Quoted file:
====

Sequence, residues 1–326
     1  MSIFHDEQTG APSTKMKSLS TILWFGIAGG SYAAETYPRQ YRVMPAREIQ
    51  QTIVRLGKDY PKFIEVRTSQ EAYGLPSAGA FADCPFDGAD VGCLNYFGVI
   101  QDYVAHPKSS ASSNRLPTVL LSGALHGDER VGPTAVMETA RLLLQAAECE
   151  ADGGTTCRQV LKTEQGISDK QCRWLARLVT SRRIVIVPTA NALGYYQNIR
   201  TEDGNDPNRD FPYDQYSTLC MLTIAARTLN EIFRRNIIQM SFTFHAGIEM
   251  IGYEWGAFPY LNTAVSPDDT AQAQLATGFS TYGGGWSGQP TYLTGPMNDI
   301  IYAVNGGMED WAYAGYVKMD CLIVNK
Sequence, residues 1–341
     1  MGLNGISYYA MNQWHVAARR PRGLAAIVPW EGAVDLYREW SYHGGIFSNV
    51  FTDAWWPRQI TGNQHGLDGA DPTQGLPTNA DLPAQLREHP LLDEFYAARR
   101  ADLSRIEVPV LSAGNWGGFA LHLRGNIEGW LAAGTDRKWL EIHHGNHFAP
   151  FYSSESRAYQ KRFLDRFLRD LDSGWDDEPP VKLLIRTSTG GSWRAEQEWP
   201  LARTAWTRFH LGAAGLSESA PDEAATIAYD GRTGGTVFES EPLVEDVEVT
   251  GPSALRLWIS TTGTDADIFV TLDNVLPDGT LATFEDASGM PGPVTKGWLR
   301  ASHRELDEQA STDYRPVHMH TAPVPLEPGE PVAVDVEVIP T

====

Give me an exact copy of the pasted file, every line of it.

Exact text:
Sequence, residues 1–326
     1  MSIFHDEQTG APSTKMKSLS TILWFGIAGG SYAAETYPRQ YRVMPAREIQ
    51  QTIVRLGKDY PKFIEVRTSQ EAYGLPSAGA FADCPFDGAD VGCLNYFGVI
   101  QDYVAHPKSS ASSNRLPTVL LSGALHGDER VGPTAVMETA RLLLQAAECE
   151  ADGGTTCRQV LKTEQGISDK QCRWLARLVT SRRIVIVPTA NALGYYQNIR
   201  TEDGNDPNRD FPYDQYSTLC MLTIAARTLN EIFRRNIIQM SFTFHAGIEM
   251  IGYEWGAFPY LNTAVSPDDT AQAQLATGFS TYGGGWSGQP TYLTGPMNDI
   301  IYAVNGGMED WAYAGYVKMD CLIVNK
Sequence, residues 1–341
     1  MGLNGISYYA MNQWHVAARR PRGLAAIVPW EGAVDLYREW SYHGGIFSNV
    51  FTDAWWPRQI TGNQHGLDGA DPTQGLPTNA DLPAQLREHP LLDEFYAARR
   101  ADLSRIEVPV LSAGNWGGFA LHLRGNIEGW LAAGTDRKWL EIHHGNHFAP
   151  FYSSESRAYQ KRFLDRFLRD LDSGWDDEPP VKLLIRTSTG GSWRAEQEWP
   201  LARTAWTRFH LGAAGLSESA PDEAATIAYD GRTGGTVFES EPLVEDVEVT
   251  GPSALRLWIS TTGTDADIFV TLDNVLPDGT LATFEDASGM PGPVTKGWLR
   301  ASHRELDEQA STDYRPVHMH TAPVPLEPGE PVAVDVEVIP T